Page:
PRO POACHING - If you run a law firm and have been under the impression that the legal industry talent war is just about attorneys, you might want to check on your other staff members before the resignation letters start rolling in. As Law.com’s Andrew Maloney reports, everyone from secretaries and litigation support professionals to financial analysts and strategic C-suite leaders are being courted by competitors. In fact, a recent survey of law firm business professionals pegged “staff poaching” as the second-highest threat to firm profitability, amid talent-related risks such as lawyer recruiting and associate salary increases. Staff-related concerns are partly due to dynamics during the COVID-19 pandemic that have given employees everywhere new leverage over employers. But, particularly in Big Law, it also relates to a wave of new roles focused on pricing and profitability, combined with the fact that firm leaders are often reluctant to bring in unproven talent. “[Firms] aren’t necessarily interested in holding open tryouts,” said Bill Josten, manager of enterprise content for Thomson Reuters, which published its 2021 Law Firm Business Leaders Report last week. “They want to acquire proven talent. If you watch those types of roles, and individuals in those roles, there’s a high degree of mobility—you see a lot of mobility in those types of roles that are in those expanding demand areas for law firms.”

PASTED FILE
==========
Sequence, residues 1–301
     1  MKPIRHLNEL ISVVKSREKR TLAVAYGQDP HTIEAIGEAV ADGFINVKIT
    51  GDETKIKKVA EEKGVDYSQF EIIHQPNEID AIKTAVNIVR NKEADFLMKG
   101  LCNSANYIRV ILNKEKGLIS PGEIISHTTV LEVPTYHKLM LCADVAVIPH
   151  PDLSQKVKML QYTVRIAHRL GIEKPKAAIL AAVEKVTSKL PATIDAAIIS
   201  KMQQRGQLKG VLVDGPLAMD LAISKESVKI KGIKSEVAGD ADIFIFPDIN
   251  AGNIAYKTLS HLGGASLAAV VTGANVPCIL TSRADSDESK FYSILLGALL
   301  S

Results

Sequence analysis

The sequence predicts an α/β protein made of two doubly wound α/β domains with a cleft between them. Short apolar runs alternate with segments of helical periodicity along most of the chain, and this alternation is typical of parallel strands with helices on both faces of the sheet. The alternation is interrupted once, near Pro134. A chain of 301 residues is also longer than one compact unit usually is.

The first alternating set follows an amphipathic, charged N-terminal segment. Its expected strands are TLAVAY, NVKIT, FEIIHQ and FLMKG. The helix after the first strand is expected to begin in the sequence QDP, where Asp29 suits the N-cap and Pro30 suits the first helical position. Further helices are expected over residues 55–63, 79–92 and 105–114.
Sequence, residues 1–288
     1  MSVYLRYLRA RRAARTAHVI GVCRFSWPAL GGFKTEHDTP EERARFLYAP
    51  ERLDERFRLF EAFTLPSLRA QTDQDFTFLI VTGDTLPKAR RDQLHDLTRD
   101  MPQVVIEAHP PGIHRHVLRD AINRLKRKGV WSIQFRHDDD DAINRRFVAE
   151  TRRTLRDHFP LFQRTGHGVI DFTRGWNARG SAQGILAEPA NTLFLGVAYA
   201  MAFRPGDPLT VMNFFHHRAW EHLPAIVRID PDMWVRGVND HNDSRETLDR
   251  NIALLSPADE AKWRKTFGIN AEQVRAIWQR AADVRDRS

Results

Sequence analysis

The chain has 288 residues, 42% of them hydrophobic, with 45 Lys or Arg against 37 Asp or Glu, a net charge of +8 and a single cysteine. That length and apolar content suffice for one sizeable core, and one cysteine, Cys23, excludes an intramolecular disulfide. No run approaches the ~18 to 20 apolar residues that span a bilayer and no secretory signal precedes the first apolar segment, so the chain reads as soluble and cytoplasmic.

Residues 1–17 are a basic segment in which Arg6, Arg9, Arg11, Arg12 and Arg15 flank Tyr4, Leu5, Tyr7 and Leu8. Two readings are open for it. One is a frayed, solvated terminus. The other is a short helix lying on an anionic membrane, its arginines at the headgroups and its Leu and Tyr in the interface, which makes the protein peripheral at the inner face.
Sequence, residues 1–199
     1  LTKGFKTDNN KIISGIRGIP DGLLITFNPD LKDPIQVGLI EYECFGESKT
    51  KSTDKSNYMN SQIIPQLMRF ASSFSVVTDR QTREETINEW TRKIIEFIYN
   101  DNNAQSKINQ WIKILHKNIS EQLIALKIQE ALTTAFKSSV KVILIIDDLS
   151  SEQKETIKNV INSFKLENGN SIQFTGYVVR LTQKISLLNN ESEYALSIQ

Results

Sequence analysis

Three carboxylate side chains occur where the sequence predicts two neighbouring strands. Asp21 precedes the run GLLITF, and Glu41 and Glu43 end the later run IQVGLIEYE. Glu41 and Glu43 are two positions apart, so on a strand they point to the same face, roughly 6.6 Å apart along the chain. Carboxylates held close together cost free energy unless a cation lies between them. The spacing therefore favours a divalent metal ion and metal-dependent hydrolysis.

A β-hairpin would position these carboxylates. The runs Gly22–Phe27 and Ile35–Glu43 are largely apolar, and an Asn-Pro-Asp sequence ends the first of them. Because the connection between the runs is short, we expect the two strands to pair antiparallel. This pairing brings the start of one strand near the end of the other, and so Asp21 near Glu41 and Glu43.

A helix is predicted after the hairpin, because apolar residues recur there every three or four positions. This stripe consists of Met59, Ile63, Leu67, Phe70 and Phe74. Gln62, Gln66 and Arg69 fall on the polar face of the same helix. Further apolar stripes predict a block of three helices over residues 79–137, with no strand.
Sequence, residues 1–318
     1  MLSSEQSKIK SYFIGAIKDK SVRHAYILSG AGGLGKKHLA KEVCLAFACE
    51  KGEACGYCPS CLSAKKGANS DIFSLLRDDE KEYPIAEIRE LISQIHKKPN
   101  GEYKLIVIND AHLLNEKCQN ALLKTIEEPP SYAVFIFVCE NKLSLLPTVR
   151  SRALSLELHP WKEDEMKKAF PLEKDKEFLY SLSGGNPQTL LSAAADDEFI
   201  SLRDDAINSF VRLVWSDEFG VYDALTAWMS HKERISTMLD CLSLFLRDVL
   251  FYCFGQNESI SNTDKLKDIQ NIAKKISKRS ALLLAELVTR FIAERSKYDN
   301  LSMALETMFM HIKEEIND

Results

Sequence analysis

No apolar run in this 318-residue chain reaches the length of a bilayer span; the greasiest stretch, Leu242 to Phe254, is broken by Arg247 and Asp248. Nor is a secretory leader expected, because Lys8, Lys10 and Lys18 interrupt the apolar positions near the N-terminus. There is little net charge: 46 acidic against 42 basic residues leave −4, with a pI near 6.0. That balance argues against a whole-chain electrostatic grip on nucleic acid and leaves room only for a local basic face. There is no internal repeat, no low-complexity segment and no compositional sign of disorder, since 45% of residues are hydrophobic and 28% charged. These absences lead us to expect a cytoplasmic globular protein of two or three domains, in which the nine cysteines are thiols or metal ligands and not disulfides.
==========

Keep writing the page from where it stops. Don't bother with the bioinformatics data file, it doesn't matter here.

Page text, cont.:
SUGAR AND SPICE - The DOJ’s push to block a merger of sugar behemoths in Delaware federal court is a must-watch antitrust case, if you’re into that sort of thing. Carl Hittinger, a partner who heads the antitrust practice group at Baker & Hostetler in Philadelphia, told Law.com’s Michael A. Mora that the government’s lawsuit to stop the United States Sugar Corp. from acquiring its rival, Imperial Sugar Co., is going to turn on the issue of market definition. “This case may be one of the major cases going forward on how you define relevant market even further,” said Hittinger, who does not represent either party in the litigation. “I don’t see a judge looking at this and saying, ‘I know that they’re sugar substitutes, so I don’t think this complaint is valid.’” The DOJ alleged that the merger of U.S. Sugar and Imperial Sugar announced in March, would violate Section 7 of the Clayton Act, thereby leaving most refined sugar sales in the Southeastern part of the country in the surviving entity from the merger, according to the lawsuit. As a result, the DOJ has predicted the merger would lead to higher prices for American businesses and consumers to buy refined sugar for use in foods and beverages. The government has also pushed back against the argument that customers, including manufacturers, could easily switch to other types of sweeteners if refined sugar prices rose too high.